Verizon Communications Inc. is the latest old-line company to phase out its traditional pension plan.
The telecom giant announced that beginning July 1, it will no longer offer its defined-benefit plan to management employees. The new policy affects about 50,000 individuals, according to The New York Times. Benefits of unionized workers will not be affected by this latest announcement, though the Times suggested that the cutback for managers may herald Verizon’s stance toward labor in the next round of contact talks. (Senior editor Marie Leone wonders, though, whether “blame the unions” is a naïve approach.)
Verizon managers, who will retain pension benefits they have already earned, will also be eligible to continue to grow into their early retirement pensions. They will receive an 18-month enhancement to the value of their pension and retiree medical benefits. In addition, Verizon will increase the company match for the managers’ 401(k), both for current managers and for MCI managers who join Verizon after the close of the planned merger.
On the other hand, Verizon will no longer provide additional service credits toward the company’s subsidy of retiree medical benefits. Management employees who do not have 15 years of service (after the 18-month enhancement is factored in) will not be eligible for a company subsidy for those benefits.
The company expects to save $3 billion over the next 10 years.
“These changes will provide Verizon with a more affordable benefit cost structure, which enhances our ability to compete,” said chairman and chief executive officer Ivan Seidenberg, in a statement. “The changes will also provide employees a transition to a retirement plan more in line with current trends, allowing employees to have greater accountability in managing their own finances and for companies to offer greater portability through personal savings accounts.”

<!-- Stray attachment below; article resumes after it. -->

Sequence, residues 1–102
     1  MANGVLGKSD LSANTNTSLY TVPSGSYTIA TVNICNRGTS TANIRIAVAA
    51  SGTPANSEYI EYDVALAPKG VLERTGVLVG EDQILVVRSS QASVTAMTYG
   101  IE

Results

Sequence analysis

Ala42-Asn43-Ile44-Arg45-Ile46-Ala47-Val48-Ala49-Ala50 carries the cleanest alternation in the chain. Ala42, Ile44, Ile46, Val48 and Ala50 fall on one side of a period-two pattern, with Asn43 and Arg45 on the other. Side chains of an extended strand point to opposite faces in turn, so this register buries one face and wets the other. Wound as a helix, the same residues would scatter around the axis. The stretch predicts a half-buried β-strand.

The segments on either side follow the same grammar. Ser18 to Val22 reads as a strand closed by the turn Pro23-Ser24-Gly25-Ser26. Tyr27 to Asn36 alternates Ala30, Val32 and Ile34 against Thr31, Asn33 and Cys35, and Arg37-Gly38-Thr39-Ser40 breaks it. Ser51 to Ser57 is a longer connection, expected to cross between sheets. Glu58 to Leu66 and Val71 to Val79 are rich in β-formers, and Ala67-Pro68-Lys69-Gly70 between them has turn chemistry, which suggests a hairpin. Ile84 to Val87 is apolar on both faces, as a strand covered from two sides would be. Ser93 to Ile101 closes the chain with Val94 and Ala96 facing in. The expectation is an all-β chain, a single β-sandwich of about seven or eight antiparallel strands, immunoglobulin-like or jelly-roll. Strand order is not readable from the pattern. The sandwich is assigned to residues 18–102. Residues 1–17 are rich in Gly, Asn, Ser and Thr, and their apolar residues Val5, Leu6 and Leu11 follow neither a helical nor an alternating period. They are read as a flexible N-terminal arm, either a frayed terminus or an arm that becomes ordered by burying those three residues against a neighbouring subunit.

Seidenberg also noted what a growing number of senior executives have acknowledged: Many companies, Verizon included, are competing globally with well-financed companies that are relatively younger and are not saddled with the huge costs of a defined-benefit pension plan. “Companies today, including many we compete with, are not adopting defined benefit pension plans or subsidized retiree medical benefits,” he said.
In 2004, 71 companies in the Fortune 1000 terminated their pensions plans, compared with 45 in 2003, according to CNBC, which cited Watson Wyatt.